Bring up the issue of adolescent dating and out will pour a plethora of responses:
“As long as they don’t get pregnant, I don’t care what they do.”
“Oh, it’s cute to see them start dating; it reminds me of when I was 14.”
“Time to polish my shotgun collection!”
“I’m not letting my kids date until they’re 18; it’s too dangerous out there.”
Parents have a very broad range of values, expectations, and styles when it comes to their adolescents and dating. This is why it is crucial that you develop your own set and being communicating them with your child early on.
One of the most important factors to consider regarding teens and dating is safety and one of the key issues surrounding safety that your adolescent needs to be aware of is dating violence. It is not a rare event. Just ask Rihanna—or look at the pictures of her busted face. Teen violence in the context of dating is quite common. In fact, women ages 16 to 24 experience the highest per capita rates of violence in the context of a dating relationship—nearly 20 per 1000 women.
Here are a few keys to preventing dating violence:
First, it is imperative that before your adolescent begins dating, both parents (whether you are divorced or not) speak candidly about dating violence.
Second, many parents today do not insist that they get to know a child’s boyfriend/girlfriend before they go out together on group or one-on-one dates. This is nothing less than foolish. In my home, no dating will occur until I meet my child’s crush at least a few times. In my opinion, one-on-one dating should not be allowed until the age of 16; until then, group dates are allowed if responsible adults are supervising.
Third, teach your adolescents that they have rights in dating relationships. Just as they have rights in their relationship with you, they have certain rights with their dating partner. A good compilation of these can be found at the Alabama Coalition Against Dating Violence at http://www.acadv.org/dating.html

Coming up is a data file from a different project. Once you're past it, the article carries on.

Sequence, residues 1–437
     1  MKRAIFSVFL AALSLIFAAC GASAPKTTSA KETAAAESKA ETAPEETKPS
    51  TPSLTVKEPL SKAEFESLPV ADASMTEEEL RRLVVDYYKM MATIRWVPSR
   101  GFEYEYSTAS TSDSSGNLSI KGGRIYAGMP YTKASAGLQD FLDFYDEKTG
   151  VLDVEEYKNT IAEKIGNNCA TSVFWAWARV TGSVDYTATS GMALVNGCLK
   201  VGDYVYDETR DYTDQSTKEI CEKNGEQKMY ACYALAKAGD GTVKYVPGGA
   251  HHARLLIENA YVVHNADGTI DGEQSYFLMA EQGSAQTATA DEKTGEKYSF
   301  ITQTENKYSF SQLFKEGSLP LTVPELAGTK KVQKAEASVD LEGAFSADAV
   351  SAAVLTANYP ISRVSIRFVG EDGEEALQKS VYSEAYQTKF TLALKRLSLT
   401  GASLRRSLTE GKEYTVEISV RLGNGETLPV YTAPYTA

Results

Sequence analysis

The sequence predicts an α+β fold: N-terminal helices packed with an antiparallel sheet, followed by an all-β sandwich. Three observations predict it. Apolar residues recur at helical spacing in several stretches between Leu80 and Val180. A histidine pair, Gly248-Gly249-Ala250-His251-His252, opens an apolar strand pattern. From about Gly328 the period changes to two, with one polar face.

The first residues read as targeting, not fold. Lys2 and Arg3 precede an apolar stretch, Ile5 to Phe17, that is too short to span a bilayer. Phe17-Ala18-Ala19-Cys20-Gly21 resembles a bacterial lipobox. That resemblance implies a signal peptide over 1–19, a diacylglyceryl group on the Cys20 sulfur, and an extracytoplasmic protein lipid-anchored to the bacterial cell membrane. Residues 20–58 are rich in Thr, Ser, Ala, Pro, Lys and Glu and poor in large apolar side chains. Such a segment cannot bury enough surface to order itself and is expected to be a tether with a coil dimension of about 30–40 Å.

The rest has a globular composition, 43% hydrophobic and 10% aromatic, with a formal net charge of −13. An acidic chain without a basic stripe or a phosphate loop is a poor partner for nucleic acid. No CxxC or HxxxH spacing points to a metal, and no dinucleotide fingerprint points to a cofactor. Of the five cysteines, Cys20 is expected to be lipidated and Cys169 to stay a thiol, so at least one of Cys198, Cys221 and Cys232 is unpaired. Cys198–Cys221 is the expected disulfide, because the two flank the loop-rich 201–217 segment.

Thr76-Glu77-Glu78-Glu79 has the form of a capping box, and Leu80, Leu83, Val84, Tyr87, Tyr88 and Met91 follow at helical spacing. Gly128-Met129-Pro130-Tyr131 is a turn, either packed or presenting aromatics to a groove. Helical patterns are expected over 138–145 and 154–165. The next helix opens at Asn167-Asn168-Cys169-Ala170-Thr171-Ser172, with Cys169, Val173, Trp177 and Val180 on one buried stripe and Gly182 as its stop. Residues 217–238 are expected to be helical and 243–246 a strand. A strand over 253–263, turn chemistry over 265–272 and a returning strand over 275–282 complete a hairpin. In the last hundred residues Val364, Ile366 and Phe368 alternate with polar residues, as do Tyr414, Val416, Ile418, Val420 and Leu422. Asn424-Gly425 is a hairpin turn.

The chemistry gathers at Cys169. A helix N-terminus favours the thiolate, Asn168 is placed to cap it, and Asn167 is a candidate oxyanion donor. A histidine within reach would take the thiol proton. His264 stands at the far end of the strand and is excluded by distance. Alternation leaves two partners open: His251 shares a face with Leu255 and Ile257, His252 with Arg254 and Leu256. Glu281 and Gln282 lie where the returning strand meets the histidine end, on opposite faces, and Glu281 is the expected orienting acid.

I will be discussing this issue in more detail this week; watch for future blogs on this important topic.
1 thought on “For Parents Who Choose Not to Keep Their Teens Locked in a Cage”
My husband was serious when he told our daughter she couldn’t date until she was 16. In fact, she was closer to 17, when she went on her first date.
Luckily, his parents were also concerned about who he would date. So before their first date, the parents came over. What luck! I loved his parents. Down to earth, hard-working good people.
Now, she is over 18, and dating the same boy for the past 18 months.
I think each child is going to be different. As parents, we see the boyfriend can be controlling and toy with her emotions. We also observed that he did get “physical” with her as in slapping on the butt. Each of us pulled her aside to warn her about the potential issue. The boy comes from a large family, and play fighting seems normal to him. Our daughter, however is an only child, and we, (mom and dad), do not hit, not even for play. We helped her by giving the information, and allowing her to pick the time to speak with him. When she did talk to him, she invited him to our house, and talked to him on her ground.
As for the title of this article, I was told after my daughter was 16, that I was being too strict. I was told I needed her to be free. I don’t care what other parents tell me. Those same women had their kids come home drunk, arrested, and throwing phones at them when grounded.
Kids are still KIDS. They need to be guided, and taught to handle and make good decisions.